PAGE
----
Psykiatrimottagning Ale doesn’t shy away from talking about productivity, which is not something we tend to talk about enough in healthcare. However, if you see unproductivity as an indicator of patients’ suffering, productivity becomes easier to talk about, Anders explains.
An example of how to create smoother working methods and more time for care is the digital case management in Visiba Care, which was created to avoid duplication of work and ambiguity about which employee is responsible for each case.
The metric for productivity is the number of visits the service manages to carry out. That number is affected by how much time needs to be spent on other things, as well as the conditions for carrying out these meetings. Surprisingly, the practice carried out more visits during the pandemic, when most things took place remotely.
This is an excellent testimonial to our employees, who really prioritised meeting patients and used the digital tools at our disposal to do it, says Anders.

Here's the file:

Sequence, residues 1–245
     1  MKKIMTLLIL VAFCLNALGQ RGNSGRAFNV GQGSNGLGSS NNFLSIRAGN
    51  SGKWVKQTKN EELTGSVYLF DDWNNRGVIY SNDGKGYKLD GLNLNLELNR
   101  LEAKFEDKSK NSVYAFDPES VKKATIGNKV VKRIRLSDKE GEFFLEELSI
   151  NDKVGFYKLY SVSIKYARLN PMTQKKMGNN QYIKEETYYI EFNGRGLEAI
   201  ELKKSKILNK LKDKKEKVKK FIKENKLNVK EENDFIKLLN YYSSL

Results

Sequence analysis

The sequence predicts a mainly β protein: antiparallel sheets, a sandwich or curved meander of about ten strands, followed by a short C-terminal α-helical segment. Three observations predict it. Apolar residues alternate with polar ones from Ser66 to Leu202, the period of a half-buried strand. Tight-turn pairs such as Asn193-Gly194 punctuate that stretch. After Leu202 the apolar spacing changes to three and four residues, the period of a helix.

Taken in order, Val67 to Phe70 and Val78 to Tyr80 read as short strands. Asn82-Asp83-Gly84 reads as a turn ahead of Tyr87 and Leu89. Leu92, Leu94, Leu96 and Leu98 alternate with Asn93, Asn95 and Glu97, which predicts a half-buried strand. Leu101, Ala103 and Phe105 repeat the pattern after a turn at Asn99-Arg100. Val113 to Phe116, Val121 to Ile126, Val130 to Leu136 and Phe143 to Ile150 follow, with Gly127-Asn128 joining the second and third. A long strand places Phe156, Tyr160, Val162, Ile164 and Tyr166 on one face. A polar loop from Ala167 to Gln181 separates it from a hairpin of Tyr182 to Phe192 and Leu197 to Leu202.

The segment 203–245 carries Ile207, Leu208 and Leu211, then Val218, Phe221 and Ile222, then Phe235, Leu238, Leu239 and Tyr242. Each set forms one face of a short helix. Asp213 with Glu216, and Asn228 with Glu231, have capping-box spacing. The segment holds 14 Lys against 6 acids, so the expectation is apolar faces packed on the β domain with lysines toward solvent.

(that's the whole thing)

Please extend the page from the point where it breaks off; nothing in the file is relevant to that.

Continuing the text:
Today, about 35% of all visits are still carried out digitally at Psykiatrimottagning Ale. The visits carried out are largely for investigations and therapies, which helps shorten waiting times in these areas. The practice has long experience of meeting patients via video and employs a special policy to determine when a digital meeting is suitable.
The employee has to consider it medically appropriate and the patient also has to approve it, Anders explains.
Gain: The practice conducts about 30% more visits in total (physical and digital).
Today it is easier for patients to be in contact with the clinic via video, messaging or chat. It creates a sense of security and allows the patient to be more involved in the whole process. For example, employees can invite the patient into a conversation earlier, instead of having discussions about the patient, without the patient. There is also a group of patients for whom contact was difficult previously because of problems interacting in person. However, this group are now more readily contactable because they find digital meetings easier to cope with.